Part II: The remarkable Dwight Ink

18 Apr

03-25-13 DWIGHT 173F9811 calls Dwight Ink the “silent leader.” In a story posted on Jan. 13, 2010, William D. Eggers and John O’Leary write:

“History tends to adore the person at the helm, the president who calls the shots from the Oval Office. Overlooked are the bureaucrats who actually carry out the commands. Out of the limelight, Dwight Ink served seven consecutive presidents, from Dwight Eisenhower to Ronald Reagan. Now retired, this unassuming bureaucrat was often the one doing the heavy lifting. In a story that reads like the antithesis of Hurricane Katrina, Ink led a swift and efficient reconstruction effort [in Alaska]. The 1964 Alaskan Earthquake is largely forgotten today because of Ink’s leadership.”

This is Part II of our visit with Mr. Ink (’47 government) at his home in Leesburg, Va.

On the presidents:

  • I had a unique opportunity serving in leadership roles with seven different presidents.
  • I respected Eisenhower the most of any that I served. I respected Kennedy the least, but I found him the most exciting. But, gee, I had so much fun under all of them. Except Nixon’s second term.
  • I had the most impact under Nixon. His first term was the best we ever had under an operations standpoint, but that turned around in the ’72 election. It was the Jekyll and Hyde presidency.
  • I was the senior adviser to the Reagan transition team. I helped shut down the Anti-poverty Agency – I never expected that assignment. It was the hottest political issue [of the day]. Ted Kennedy led the opposition. [But together we worked to] persuade Congress to support the President to close it down and minimize difficulty for poor people.
  • [At a classified briefing on the nuclear arms race I found myself] alone with president [Dwight Eisenhower]. I was so stunned [I couldn’t remember anything]. We talked about football…ISU vs Kansas. He relaxed me. Briefing the president, for a career person, was quite a thrill.

On the Limited Nuclear Test Ban following WWII:

  • We saw horrible destruction from the bomb. [It was] indescribable fury. I was terribly concerned about stopping the nuclear arms race. They can absolutely destroy civilization. It was THE most important security issue of the day.

On the rebuilding of Alaska after the earthquake of 1964:

  • 55,000 square miles of surface rose or dropped at least five feet [in] Anchorage, Kodiak, Homer, Valdez…two thirds of Alaska where the population was. When we got up there we couldn’t find an engineer who thought we would rebuild enough in the first season to save the state. That would have been economic disaster. I really spent horrible nights trying to figure out what to do when everyone said it was impossible. We could not succeed using “normal” federal processes and procedures. We’d lose the state. They gave me all kinds of freedom to innovate. An Anchorage Times editorial headline called it “Government at its best.” The federal people were heroes in Alaska.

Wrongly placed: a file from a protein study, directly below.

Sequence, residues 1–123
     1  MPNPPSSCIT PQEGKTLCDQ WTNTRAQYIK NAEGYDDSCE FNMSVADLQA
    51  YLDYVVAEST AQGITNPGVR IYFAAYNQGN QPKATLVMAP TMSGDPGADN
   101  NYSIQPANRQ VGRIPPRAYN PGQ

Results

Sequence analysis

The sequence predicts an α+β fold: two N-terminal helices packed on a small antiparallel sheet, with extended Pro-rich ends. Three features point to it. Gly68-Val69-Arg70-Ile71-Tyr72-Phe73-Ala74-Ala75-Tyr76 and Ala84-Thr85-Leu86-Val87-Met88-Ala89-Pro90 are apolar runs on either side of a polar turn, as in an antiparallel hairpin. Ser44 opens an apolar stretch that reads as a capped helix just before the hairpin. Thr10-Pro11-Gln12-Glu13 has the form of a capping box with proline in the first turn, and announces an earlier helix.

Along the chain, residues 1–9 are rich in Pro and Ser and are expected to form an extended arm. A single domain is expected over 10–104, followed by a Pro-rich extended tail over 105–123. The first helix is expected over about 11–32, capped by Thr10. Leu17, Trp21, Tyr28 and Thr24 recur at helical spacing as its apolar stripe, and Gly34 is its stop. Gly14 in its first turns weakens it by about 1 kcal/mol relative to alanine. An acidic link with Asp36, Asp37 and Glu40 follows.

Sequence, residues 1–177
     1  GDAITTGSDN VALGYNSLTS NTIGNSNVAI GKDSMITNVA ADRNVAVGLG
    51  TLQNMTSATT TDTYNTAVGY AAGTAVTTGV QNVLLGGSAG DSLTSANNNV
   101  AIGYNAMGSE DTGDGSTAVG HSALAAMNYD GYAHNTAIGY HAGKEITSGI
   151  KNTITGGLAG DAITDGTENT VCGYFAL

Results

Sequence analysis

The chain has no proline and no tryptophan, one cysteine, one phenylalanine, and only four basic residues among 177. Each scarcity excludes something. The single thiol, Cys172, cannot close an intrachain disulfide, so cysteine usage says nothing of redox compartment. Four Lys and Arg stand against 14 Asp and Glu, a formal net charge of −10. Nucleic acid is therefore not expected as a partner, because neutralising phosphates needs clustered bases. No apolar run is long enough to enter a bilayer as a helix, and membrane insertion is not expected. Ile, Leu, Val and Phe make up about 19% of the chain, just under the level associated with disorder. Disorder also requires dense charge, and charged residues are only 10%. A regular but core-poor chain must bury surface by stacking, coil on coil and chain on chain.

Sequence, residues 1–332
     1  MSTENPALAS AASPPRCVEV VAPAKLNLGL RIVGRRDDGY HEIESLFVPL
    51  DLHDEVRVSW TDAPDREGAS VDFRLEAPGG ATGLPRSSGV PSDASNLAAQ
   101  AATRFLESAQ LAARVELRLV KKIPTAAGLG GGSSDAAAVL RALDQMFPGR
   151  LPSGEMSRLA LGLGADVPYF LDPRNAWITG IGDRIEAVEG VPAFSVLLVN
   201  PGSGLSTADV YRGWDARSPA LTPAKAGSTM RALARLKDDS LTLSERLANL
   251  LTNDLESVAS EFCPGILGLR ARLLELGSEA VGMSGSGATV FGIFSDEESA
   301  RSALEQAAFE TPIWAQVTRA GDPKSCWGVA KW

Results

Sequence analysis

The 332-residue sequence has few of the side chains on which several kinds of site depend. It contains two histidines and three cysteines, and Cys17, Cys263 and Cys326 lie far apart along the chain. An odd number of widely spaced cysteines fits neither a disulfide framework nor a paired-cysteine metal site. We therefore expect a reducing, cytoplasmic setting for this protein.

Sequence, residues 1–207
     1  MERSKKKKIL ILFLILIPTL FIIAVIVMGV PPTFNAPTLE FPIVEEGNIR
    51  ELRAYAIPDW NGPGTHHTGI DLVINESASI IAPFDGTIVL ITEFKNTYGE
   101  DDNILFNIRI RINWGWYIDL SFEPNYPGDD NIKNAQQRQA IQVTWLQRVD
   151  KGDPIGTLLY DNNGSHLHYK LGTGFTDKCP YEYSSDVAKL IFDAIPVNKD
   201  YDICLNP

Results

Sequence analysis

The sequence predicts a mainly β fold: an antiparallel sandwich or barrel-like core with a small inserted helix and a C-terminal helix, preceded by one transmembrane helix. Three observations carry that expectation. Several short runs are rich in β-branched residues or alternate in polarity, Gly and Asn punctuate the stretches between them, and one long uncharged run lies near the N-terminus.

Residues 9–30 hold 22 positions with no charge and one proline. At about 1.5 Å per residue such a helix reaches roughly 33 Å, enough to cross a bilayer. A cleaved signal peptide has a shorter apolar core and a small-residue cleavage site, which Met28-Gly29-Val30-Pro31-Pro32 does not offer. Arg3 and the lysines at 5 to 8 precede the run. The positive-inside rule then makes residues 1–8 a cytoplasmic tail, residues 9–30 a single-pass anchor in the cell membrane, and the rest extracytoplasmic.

In October 2011, Government Executive magazine named Ink one of the 20 “All-time Greatest Feds.” Joining him on the list were Theodore Roosevelt and James Web, manager of the moon landing. Here’s his reaction:

  • It was nice for my ego. But I kept thinking of others who were better qualified. [My wife] Donna said, “Just enjoy it.”

Dwight and Donna moved to Leesburg, Va., 10 years ago. At age 90, his eyesight is failing, and he’s working to finish his memoirs. Here’s Dwight on retirement:

  • I retired with the federal government when Reagan left office. I semi-retired at age 70 but worked part time until three months ago. [He is president emeritus of the Institute of Public Administration.] When I hit 90 I decided to almost – but not quite totally – retire. My wife says at 90 I should slow down.

One Response to “Part II: The remarkable Dwight Ink”

  1. fRED a. kAHN November 6, 2013 at 5:13 am #

    i served with Dwight Ink on the National Council of the American Society for Public Adminitration. I am the young man then in l956 came forth with the proposal of presidential debates supported personally by Mrs Eleanor Roosevelt on the democraticside, and Governor TYheodore Mc Keldin, on the Republican side,. In 20 12. i was the topic in the Washingto Post column,articles in the Washington Jewish Week, the Gazettte, The Washingtonian, the Bethesda Magazine, Huffington Post, HispaniC nOTICIAS, nEWSDAY, AND WAS ON NATIUONAL PUBLIC RADIO AND wusa tv .

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